The peculiarity of our story is better illustrated by dramatic example. The scene is a collage of urban parks with sporadic avocado and lime trees, sunny little towns, farms, corn fields and tomato bushes, all deserted by a whole generation of young and able hands answering the call of a shining city on a hill. The youth abandon the warmth of their native cities and cool pleasant valleys so they can mash avocados, chop tomatoes, squeeze limes and serve a respectable bowl of corn chips to their rightful bosses, who have chosen to settle in a land of unfavorable weather.
Perhaps this story would be less ironic had the diligent young men simply returned home. Their real conundrum began once they willingly stuck around, only to get on their knees and scrub toilets, mow lawns and dust the fancy furniture in mansions in tony neighborhoods, where soon they were belittled by the very people whose economy and comfortable lifestyle had tempted them in the first place. In spite of the backlash and resentment, the young men had decided to stay—why? They had discovered, as my returning neighbors did, the uniqueness of the place that reluctantly hosted them—its inherent capacity to foster growth.
It is no mystery that growth is the main creed of contemporary societies in the global economy. The belief in growth, like all convictions, is not without its ironies. Some of the founding pillars of capitalism—philosophy, war, trade—have exploited the rhetoric of this faith to such a degree that it has become necessary to condense it to a simple acronym, GDP, like some massive celestial body that has suddenly collapsed in on itself.
It isn’t merely the allure of boundless economic growth that makes the United States exceptional—Mexico, Brazil and India also promised untold treasures for their European colonizers. It’s also the fact that the idea of growth has always been an essential part of the country’s psychology. The Puritans were not just interested in becoming wealthier—they wanted to cultivate their faith, to lay down roots in a place where their spirit could breathe and stretch and yawn. The fabled founding fathers inherited this optimism—a sense of possibility so immense and sublime that one can’t but smile when reading their covenant with humanity, even while taking its self-evident truths with a grain of salt. More resonant with contemporary belief, even if garbed in metaphysical jargon, is their catchphrase, the pursuit of happiness, which sets us all, like donkeys, chasing after a carrot.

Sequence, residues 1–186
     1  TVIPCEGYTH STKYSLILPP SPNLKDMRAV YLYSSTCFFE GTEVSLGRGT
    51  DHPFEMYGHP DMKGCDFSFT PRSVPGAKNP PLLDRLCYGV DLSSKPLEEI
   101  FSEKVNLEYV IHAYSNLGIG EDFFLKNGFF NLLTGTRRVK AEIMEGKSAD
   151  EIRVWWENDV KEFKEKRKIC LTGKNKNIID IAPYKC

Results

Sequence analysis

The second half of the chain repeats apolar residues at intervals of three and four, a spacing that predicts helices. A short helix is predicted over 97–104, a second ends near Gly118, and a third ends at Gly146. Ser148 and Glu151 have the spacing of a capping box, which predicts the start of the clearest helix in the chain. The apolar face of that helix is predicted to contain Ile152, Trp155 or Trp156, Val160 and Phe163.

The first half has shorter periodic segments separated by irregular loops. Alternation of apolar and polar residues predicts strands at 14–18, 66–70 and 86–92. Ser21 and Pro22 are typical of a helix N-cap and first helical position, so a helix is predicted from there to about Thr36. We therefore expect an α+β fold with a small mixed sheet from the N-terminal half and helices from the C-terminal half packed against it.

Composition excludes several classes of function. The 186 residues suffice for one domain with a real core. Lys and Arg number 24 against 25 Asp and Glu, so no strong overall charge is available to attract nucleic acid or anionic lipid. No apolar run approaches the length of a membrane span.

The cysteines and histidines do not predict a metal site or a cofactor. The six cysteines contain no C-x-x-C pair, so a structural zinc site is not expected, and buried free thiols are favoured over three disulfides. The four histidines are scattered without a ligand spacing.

American poets preached growth alongside politicians. When Ralph Waldo Emerson dug up and opened his late wife’s coffin, he was not impressed by nature’s ebbing; his optimism could not be reconciled with the reality of decay. Everywhere else he looked, he saw growth—a single acorn contained all future forests, a drop of water all oceans. Textbooks remember him as the Sage of Concord, but one may also see him as a romantic prophet of American expansionism. To the aspiring scholar he recommended, in empowering and gusty metaphors, relying solely on his American imagination. “Our day of dependence,” he wrote, “our long apprenticeship to the learning of other lands, draws to a close. The millions that around us are rushing into life, cannot always be fed on the sere remains of foreign harvests. Events, actions arise that must be sung, that will sing themselves.” Better than any other author of his time, Emerson articulated America’s dreams of growth and its mission of Manifest Destiny, which were already present in both the spirit of American politics and in the inexorable pace of the so-called pioneers pushing westward.
The Mexican War, though denounced by poets like Emerson and Thoreau, was one expression of America’s expansionist ideal, its hunger for growth. The promise of land and prosperity had fueled the efforts of Stephen Austin as he recruited three hundred American families to settle current-day Texas in what was then the far northern tip of Mexican territory. While the Mexicans sat and watched, the Americans settled, opened shops and schools, and soon declared independence in a place that only years earlier had welcomed them as guests. With Texas under the control of its English-speaking settlers, it was not hard to imagine that the territories leading to the ocean (New Mexico, Arizona, Colorado, Utah, Nevada, California and parts of Wyoming, according to some) would meet the same fate.
As they pushed West, Anglo settlers began courting socially prominent Mexican women in places like New Mexico in order to improve their status and claim legal rights to the new territory. Their relentless advance would force landowners in places like California to sign agreements in a language they didn’t understand, surrendering the rights to their properties lest they face the steel and powder of the newcomers. Following the Mexican-American War, a treaty was signed and new boundaries were drawn, severing whole communities and abandoning them in a legal vacuum that inspired the celebrated Chicano refrain: “We didn’t cross the border—the border crossed us.”
Throughout the Eighties, America had a gravitational power that pulled my neighbors north for most of the year and released its grip for brief periods of time: then they would materialize in sunny Guadalajara, a cheerful flock of migratory birds landing back in their broken nests.
I too drank from the cup of promise, of economic growth. One sunny afternoon in 1993, I underwent my rite of passage: a 36-hour bus ride to Tijuana delivered me at the gates of manhood and financial solvency. But now, more than twenty years later, the phenomenon of circular migration—which had allowed my neighbors annual visits to their families—is to be found mainly in history books. The lax border regulations that permitted them to come and go freely (though informally), according to the demand for labor, no longer exist. What exist instead are about 11 million undocumented individuals like me, trapped behind an increasingly militarized border.
Just like my neighbors, I sneaked into the United States thinking that escape from social stagnation could be found in economic advancement alone. If anyone then had told me that words also had the power to emancipate, I would have said, “¡No mames!” because at that time words did not matter to me. Or they mattered, but only insofar as they could forestall distractions from my more concrete goals, like adding a second story to my mother’s house. (Has anyone built a second floor with words alone?)